agents to be licensed, trained and district manager
contracted to sell Manulife products
and who will be part of my Unit
- to coordinate activities of the agents - properly account, record and document
under [the managers] Unit in [the the companys funds, spot-check and
agents] daily, weekly and monthly audit the work of the zone supervisors, x x
selling activities, making sure that their x follow up the submission of weekly
respective sales targets are met; remittance reports of the debit agents and
zone supervisors
- to conduct periodic training sessions
for [the] agents to further enhance their - direct and supervise the sales activities
sales skill; and of the debit agents under him, x x x
undertake and discharge the functions of
- to assist [the] agents with their sales absentee debit agents, spot-check the
activities by way of joint fieldwork, record of debit agents, and insure proper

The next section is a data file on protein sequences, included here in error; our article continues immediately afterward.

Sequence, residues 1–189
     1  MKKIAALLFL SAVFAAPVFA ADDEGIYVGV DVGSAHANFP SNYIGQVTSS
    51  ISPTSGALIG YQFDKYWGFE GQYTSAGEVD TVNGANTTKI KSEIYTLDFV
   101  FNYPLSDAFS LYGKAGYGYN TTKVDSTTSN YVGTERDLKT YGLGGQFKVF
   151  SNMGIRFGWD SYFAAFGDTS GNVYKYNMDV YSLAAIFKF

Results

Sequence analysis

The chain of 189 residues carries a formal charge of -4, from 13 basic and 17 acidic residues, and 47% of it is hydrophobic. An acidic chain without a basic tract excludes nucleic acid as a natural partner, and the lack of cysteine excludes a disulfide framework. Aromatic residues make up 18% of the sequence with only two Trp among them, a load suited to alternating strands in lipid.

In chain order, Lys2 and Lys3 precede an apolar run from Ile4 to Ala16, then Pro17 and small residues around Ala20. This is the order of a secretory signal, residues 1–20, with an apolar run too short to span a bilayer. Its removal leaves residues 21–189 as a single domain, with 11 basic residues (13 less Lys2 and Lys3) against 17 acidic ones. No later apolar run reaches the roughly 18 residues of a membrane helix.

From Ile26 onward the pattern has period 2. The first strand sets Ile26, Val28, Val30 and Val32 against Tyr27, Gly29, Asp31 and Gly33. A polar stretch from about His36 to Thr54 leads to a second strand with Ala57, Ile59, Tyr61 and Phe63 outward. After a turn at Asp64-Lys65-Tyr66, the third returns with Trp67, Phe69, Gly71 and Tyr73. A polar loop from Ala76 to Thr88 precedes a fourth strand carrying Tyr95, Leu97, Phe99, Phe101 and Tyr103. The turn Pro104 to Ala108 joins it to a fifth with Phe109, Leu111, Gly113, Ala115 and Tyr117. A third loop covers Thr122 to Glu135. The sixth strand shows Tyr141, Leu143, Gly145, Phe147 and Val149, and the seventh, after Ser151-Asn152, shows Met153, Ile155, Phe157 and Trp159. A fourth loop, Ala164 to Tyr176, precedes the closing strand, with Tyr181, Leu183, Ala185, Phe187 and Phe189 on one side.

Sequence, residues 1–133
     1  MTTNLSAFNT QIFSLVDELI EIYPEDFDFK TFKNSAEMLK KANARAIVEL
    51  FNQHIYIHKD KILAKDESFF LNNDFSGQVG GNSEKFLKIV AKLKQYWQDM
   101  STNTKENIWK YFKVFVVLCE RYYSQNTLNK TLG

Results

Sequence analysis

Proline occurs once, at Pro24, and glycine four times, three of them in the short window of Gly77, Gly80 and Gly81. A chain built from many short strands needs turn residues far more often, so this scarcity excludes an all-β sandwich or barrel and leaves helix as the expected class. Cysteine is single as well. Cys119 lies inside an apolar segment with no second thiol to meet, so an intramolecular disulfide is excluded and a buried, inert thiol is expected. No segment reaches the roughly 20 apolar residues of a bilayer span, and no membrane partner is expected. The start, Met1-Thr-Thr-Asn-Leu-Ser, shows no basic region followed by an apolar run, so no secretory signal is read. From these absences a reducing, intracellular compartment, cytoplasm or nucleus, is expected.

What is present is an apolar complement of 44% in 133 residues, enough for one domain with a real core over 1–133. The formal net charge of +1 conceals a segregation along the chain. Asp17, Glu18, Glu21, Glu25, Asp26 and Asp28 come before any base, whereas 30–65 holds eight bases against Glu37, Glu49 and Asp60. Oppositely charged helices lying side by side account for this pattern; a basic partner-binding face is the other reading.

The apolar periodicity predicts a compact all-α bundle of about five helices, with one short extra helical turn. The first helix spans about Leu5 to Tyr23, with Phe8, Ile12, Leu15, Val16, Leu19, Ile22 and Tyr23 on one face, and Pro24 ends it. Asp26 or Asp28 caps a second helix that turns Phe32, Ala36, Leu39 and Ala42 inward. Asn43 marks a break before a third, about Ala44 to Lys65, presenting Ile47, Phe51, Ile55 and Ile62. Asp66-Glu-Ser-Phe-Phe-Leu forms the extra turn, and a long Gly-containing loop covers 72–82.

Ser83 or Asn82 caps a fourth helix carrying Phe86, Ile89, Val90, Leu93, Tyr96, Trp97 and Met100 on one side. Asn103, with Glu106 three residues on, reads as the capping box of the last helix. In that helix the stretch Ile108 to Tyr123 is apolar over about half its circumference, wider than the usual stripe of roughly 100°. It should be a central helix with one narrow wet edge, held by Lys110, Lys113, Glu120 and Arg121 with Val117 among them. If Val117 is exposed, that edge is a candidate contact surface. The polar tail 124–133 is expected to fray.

consultations and one-on-one documentation of sales and collections of
evaluation and analysis of particular debit agents.

Aside from these affidavits however, no other evidence exists regarding the effects of
Tongkos additional roles in Manulifes sales operations on the contractual relationship
between them.

To the dissent, Tongkos administrative functions as recruiter, trainer, or supervisor of

other sales agents constituted a substantive alteration of Manulifes authority over
Tongko and the performance of his end of the relationship with Manulife. We could not
deny though that Tongko remained, first and foremost, an insurance agent, and that his
additional role as Branch Manager did not lessen his main and dominant role as
insurance agent; this role continued to dominate the relations between Tongko and
Manulife even after Tongko assumed his leadership role among agents. This conclusion